Brightsurf Science News & Current Events

June 08, 2006
Next generation of science stars: 5 female scientists receive 2006 L'Oréal USA fellowships
L'Oréal USA announced today the recipients of its esteemed 2006 Fellowships for Women In Science at an awards ceremony at the American Museum of Natural History in New York City.

Bacteria have their own immune system protecting against outside DNA
Bacteria have a complicated immune system that helps them recognize and isolate foreign DNA trying to invade their cell membrane, according to a University of Washington-led study in the June 8 issue of Science Express.

Designer gradients speed surface science experiments
Researchers from the National Institute of Standards and Technology (NIST) have demonstrated an elegantly simple technique for synthesizing a wide variety of complex

New step toward treatment for Duchenne muscular dystrophy
The team led by Dr. Jacques P. Tremblay, a researcher with the Human Genetics Department at Quebec City's Centre Hospitalier Universitaire de Québec (CHUQ) and professor with Université Laval's Faculty of Medicine, has taken an important step toward a cure for Duchenne muscular dystrophy.

Gene discovery opens door to tackling disease
Western Australian researchers have discovered a new gene that could lead to breakthroughs in breast and prostate cancer, as well as diabetes.

Salk scientists get to the root of plant cell fate
Researchers at the Salk Institute for Biological Studies studying the frumpy wild mustard plant Arabidopsis thaliana recently determined why plants with a defective TOPLESS gene form an extra root where the shoot should be.

OHSU researchers discover possible HIV therapy in an animal study
OHSU researchers have published a new study this week suggesting an important component of the immune system damaged by AIDS can possibly be replaced.

Repeat corticosteroids for pregnant women at risk of preterm delivery could be beneficial
Giving pregnant women at risk of preterm delivery repeat doses of corticosteroids* can reduce illness in their newborn babies, suggest the results of an early trial in this week's issue of The Lancet.

EU's free trade rules exacerbate alcohol-related harm
Europe's commitment to the common market is contributing to alcohol-related harm by forcing member states to put free trade before health, states an Editorial in this week's issue of The Lancet.

Major grant to IU School of Medicine will expand HIV/AIDS programs in Kenya
The Indiana University School of Medicine has been awarded a $8.9 million federal grant to expand its highly regarded HIV/AIDS programs in Kenya, tripling the number of patients who will be receiving anti-retroviral drug treatments.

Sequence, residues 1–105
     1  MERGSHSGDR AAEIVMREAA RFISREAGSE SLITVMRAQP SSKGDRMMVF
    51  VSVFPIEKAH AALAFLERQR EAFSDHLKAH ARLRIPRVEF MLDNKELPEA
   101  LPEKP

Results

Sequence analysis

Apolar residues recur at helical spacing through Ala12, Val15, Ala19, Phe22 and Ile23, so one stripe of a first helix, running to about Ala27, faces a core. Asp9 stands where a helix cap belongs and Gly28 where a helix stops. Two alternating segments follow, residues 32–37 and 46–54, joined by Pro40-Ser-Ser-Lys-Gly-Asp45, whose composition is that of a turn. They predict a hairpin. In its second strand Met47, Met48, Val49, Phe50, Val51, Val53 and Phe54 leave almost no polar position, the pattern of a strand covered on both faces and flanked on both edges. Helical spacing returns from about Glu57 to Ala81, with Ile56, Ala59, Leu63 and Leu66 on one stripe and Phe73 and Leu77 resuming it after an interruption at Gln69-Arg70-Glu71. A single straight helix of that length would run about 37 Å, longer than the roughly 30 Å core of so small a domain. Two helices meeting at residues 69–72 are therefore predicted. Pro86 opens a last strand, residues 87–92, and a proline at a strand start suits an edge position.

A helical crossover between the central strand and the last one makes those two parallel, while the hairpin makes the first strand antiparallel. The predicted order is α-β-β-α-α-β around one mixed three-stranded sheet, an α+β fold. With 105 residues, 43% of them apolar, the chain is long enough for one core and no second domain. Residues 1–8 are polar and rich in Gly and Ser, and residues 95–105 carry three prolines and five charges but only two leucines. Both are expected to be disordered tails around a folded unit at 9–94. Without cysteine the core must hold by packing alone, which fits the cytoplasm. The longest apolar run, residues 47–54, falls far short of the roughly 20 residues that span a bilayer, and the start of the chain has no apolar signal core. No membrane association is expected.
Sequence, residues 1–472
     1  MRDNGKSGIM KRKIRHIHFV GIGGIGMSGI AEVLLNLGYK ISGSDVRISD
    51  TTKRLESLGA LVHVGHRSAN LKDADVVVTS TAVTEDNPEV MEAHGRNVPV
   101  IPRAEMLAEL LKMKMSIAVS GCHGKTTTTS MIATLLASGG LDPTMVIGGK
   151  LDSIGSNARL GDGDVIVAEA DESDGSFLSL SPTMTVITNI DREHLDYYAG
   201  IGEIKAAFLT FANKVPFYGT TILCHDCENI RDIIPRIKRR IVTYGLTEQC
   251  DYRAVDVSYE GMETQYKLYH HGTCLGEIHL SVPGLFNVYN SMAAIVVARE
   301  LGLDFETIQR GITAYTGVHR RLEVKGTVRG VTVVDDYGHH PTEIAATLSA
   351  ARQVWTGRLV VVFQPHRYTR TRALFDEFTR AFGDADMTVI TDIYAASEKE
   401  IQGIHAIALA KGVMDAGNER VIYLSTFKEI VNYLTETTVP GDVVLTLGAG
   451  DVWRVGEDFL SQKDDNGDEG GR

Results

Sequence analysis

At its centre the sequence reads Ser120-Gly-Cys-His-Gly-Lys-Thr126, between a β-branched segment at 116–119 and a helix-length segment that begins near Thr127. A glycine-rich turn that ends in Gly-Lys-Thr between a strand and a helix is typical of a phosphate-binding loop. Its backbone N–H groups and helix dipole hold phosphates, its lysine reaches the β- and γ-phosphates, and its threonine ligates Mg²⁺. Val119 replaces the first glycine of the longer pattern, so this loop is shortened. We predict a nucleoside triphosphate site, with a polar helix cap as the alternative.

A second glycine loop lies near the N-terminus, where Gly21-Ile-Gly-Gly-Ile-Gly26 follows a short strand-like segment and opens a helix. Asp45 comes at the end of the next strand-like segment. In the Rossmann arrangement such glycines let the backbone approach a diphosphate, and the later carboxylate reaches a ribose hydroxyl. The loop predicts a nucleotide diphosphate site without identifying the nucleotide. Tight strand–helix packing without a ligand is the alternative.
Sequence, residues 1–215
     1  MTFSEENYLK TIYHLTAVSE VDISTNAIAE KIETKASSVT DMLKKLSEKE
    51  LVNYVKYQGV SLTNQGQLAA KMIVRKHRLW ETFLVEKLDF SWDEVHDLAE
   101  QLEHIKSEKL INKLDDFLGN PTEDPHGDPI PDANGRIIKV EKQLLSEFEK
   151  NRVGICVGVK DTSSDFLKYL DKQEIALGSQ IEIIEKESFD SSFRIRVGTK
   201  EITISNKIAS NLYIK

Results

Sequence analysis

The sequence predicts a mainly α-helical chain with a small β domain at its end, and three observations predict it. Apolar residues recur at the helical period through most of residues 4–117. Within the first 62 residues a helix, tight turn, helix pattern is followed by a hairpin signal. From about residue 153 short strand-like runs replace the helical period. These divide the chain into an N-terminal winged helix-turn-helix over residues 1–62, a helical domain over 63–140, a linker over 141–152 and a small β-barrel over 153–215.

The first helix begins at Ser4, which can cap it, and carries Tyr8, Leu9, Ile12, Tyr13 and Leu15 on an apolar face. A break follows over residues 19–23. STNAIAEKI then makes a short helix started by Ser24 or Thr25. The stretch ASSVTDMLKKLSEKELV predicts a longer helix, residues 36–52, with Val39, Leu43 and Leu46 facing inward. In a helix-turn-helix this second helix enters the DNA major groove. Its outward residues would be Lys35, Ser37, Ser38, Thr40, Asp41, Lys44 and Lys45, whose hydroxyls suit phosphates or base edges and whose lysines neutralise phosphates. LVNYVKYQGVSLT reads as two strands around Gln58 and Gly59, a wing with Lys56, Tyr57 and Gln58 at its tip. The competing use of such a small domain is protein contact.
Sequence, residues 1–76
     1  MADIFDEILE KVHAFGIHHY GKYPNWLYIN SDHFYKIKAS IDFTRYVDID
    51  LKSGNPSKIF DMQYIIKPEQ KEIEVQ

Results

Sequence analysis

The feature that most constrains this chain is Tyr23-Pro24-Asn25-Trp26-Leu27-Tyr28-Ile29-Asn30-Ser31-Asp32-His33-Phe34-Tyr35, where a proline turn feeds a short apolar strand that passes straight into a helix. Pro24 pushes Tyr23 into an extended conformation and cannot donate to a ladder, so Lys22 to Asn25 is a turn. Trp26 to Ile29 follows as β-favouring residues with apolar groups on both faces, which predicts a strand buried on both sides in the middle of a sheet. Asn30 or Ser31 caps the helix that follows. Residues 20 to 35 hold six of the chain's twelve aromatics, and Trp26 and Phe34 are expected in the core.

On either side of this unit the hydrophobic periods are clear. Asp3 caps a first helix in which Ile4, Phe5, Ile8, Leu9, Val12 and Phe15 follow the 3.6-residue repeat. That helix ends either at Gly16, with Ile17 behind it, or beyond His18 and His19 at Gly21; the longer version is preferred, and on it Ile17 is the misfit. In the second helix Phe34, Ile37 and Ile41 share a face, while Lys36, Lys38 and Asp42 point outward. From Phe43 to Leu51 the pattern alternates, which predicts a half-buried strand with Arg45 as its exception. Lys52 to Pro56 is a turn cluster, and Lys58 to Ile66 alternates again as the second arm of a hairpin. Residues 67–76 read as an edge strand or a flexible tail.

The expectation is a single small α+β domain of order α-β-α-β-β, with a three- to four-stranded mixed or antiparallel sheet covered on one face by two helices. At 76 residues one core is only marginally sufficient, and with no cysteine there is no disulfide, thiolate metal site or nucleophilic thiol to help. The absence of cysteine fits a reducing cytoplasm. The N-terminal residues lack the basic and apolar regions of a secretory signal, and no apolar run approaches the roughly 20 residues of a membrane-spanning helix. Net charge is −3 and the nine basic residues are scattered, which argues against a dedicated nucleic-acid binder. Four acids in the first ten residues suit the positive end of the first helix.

JCI table of contents, June 8, 2006
This release contains summaries, links to PDFs, and contact information for the following newsworthy papers to be published online on June 8, 2006 in the JCI, including: HtrA1 protein contributes to the development of resistance to chemotherapy in ovarian and gastric cancers; A matter of fat: ghrelin hormone promotes storage of energy as fat; Selective enzyme interaction contributes to cardiac hypertrophy, and others.

UW-Madison hybrid-vehicle team places second nationally
A group of engineering students at the University of Wisconsin-Madison has spent the last three years building one of the cleanest and most fuel-efficient SUVs in North America.

Men infer sexual interest before women do
Study confirms that men oversexualize women following brief interactions.

US gov't approves multi-million $ wild bird avian flu surveillance network
In an effort to improve the tracking of avian influenza, the United States Agency for International Development (USAID) has awarded $5 million in support for a new initiative that will monitor wild bird populations for the disease around the globe, according to the New York-based Wildlife Conservation Society (WCS), which will spearhead the project involving more than a dozen private and public partners.

New study shows much of the world emerged from last Ice Age together
New study of the timing of retreat of glaciers around the world shows that the Earth warmed in a synchronous manner at the same time that CO2 levels were rising at the end of the last Ice Age 17,500 years ago, except for the North Atlantic, which remained cold for another 2,500 years.

How to 'infect' students with a love of science
A bacteriophage-

Stevens in agreement with Competitive Technologies to commercialize Stevens' IP worldwide
Stevens Institute of Technology today announced that it has signed an exclusive service and representation agreement with Competitive Technologies, Inc.

Report focuses on the role good microbes play in future medicine